More than two years after Stuart Goldberg pleaded guilty to child endangerment for inappropriately touching a 12-year-old girl at his Main Street toy store, state officials have suspended his accounting license and given him a heftier fine than he received in his criminal case.
The state Board of Regents indefinitely suspended the public accounting license of the 57-year-old owner of Head 2 Head Sports & Games and fined him $2,500, saying in a disciplinary report by the Regents Review Committee that Goldberg’s sentence in village court, which did not include jail time, was “relatively light.”
Let's see... 12-year-old... toy store... creepy CPA. Kid-touching may not be covered in the ethics exam but come on, that should be a given.
Goldberg was sentenced in 2010 and got off (no pun intended1) with a $750 fine and a misdemeanor, as well as court-ordered treatment but no jail time. Earlier in the year, he led the girl by the wrist to the back of the store where he kissed her neck, face and mouth. Gross.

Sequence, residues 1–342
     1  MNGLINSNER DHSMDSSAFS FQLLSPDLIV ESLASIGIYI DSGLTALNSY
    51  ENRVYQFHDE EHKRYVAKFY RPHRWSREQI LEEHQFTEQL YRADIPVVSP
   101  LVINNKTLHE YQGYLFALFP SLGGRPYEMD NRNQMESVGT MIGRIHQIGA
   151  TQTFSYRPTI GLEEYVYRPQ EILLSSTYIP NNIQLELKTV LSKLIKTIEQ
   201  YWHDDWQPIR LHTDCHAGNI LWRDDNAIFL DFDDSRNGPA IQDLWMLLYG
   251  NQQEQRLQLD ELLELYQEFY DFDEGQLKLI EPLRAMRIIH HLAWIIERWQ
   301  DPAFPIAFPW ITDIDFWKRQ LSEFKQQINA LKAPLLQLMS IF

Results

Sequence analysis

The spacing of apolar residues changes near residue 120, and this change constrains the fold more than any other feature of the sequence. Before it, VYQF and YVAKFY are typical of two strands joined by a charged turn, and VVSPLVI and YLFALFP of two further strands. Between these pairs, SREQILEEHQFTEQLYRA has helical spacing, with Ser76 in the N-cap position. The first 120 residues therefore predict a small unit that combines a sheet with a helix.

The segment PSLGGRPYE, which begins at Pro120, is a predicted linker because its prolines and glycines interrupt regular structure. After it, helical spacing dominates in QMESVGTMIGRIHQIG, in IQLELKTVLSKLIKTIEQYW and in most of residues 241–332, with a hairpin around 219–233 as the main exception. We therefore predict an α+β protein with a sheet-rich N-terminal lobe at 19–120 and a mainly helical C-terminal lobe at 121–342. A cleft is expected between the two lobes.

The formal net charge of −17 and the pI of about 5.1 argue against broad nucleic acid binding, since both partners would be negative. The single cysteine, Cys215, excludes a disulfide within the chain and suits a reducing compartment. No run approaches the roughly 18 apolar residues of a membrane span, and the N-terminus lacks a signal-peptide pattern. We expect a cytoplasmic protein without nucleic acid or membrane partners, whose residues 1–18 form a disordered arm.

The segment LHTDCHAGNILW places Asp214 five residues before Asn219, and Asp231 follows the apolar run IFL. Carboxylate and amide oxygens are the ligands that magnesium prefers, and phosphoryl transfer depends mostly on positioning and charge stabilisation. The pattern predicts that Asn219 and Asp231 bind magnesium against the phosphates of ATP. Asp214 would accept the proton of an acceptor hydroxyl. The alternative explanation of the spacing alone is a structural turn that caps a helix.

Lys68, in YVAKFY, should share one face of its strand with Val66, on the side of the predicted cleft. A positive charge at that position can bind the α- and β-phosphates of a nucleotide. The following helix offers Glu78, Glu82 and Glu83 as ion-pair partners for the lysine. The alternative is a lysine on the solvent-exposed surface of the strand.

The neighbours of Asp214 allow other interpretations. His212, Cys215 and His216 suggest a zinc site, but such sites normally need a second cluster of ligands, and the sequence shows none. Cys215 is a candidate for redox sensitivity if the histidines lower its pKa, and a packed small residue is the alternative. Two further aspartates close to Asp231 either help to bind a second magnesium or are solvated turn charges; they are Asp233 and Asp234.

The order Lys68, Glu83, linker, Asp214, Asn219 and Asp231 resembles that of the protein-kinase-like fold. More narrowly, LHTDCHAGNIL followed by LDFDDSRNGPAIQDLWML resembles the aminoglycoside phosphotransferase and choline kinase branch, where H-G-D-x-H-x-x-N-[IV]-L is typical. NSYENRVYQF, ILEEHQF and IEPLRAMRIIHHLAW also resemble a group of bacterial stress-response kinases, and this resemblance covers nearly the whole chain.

The state Board of Regents report was concerned that Goldberg might have access to kids should he head to clients' homes to work on maximizing their child tax credits and called the crime "unworthy of a licensed professional in this state."
Goldberg - who has been licensed since 1986 - can possibly get his license back if a mental health professional deems him "psychologically fit to practice."
I think the very best part of this is Head 2 Head Games' description on Patch:
With toys, board games, stuffed animals, sports memorabilia, magic kits, Japanese erasers, candy and more, Head 2 Head is heaven for kids of all ages. Located on the center of Main Street in Ivington [sic], it's hard to miss this store's red awning, and once the kids are inside, it is difficult to coax them to leave.
Now if you will excuse me, I need to go take a shower to scrub the heebie-jeebies off.
1 Ed. note: Puns are always intended.